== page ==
Nikolai Ekk

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Latvian director Nikolai Ekk (1902) made both the first Soviet sound film, Putevka v Zhizn/ The Road to Life (1931), about reeducation of juvenile delinquents by training them in a commune of apprentices, which mixed documentary (the gang roaming the streets of Moscow) with didactic preaching (the daily schedule in the commune) and dramatic fiction (the educator's sacrifice), and the first Soviet color film, Grunia Kornakova/ The Little Nightingale (1936), about a heroine who leads a fight by female workers against a corrupt capitalist.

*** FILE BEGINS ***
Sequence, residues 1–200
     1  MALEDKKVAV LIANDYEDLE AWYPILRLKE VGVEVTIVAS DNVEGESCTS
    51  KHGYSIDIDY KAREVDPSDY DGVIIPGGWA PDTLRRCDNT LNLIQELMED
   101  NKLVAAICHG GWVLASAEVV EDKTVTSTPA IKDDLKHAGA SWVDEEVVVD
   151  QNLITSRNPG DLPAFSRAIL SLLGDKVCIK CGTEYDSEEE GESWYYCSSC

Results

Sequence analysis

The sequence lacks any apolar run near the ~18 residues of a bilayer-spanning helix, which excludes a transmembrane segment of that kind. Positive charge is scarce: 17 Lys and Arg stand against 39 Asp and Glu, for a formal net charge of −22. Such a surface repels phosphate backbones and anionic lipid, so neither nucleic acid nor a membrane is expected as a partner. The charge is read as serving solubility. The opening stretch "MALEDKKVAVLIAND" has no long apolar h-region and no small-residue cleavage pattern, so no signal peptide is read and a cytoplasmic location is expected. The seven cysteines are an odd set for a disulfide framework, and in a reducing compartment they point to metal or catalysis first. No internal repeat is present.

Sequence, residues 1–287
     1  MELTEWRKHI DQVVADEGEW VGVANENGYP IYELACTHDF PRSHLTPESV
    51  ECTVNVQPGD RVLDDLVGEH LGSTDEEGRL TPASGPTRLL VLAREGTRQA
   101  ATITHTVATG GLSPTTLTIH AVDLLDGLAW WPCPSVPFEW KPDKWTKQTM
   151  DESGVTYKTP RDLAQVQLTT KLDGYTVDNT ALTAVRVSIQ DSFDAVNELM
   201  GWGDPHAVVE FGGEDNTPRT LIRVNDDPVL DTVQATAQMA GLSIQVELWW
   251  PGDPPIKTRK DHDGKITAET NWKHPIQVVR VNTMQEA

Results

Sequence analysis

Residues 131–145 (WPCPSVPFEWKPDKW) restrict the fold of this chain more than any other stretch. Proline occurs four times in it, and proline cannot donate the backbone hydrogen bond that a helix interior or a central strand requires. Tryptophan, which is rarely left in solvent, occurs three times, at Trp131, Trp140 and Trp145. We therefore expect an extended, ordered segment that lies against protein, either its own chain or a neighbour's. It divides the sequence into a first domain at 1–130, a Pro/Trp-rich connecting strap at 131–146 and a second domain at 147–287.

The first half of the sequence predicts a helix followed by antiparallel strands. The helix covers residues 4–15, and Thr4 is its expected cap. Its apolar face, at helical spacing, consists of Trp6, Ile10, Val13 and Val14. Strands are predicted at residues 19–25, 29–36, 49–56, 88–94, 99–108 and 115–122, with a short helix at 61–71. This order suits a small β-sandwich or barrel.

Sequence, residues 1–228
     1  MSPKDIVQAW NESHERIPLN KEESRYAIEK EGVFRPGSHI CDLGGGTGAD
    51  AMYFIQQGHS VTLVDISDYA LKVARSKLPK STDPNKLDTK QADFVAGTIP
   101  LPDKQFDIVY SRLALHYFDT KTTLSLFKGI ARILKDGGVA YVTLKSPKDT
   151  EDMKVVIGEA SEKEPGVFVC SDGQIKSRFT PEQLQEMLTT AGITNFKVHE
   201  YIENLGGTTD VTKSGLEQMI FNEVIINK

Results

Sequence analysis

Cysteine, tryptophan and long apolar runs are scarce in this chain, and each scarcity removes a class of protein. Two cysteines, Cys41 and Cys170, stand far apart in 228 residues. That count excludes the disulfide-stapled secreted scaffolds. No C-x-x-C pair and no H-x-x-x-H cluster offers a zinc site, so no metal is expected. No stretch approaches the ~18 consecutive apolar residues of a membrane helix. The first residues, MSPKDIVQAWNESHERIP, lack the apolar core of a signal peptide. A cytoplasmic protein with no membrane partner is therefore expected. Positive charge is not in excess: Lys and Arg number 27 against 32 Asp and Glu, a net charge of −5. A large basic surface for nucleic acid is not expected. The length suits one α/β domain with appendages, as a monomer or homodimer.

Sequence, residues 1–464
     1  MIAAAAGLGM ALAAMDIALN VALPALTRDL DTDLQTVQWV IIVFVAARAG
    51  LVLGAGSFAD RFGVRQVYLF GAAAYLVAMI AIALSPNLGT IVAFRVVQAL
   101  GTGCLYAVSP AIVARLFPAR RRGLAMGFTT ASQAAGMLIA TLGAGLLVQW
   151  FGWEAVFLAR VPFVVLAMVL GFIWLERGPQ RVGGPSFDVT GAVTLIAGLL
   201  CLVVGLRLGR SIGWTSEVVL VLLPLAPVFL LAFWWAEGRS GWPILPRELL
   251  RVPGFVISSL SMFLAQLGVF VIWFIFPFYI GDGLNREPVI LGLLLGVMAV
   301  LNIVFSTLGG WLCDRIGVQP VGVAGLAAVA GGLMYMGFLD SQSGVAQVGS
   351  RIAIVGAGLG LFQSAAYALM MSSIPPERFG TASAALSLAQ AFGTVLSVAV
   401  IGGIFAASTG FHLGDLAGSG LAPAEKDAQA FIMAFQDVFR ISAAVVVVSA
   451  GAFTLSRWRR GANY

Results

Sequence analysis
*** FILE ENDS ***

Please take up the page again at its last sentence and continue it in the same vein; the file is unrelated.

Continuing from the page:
He had already experimented with color in the documentary Karnaval Tsvetov/ Carnival of Colors (1935).

Ekk adapted Nikolai Gogol's stories in Sorochinskaia Iarmarka/ The Fair of Sorochinsk (1939) and Maiskaia noch/ May Night (1941).

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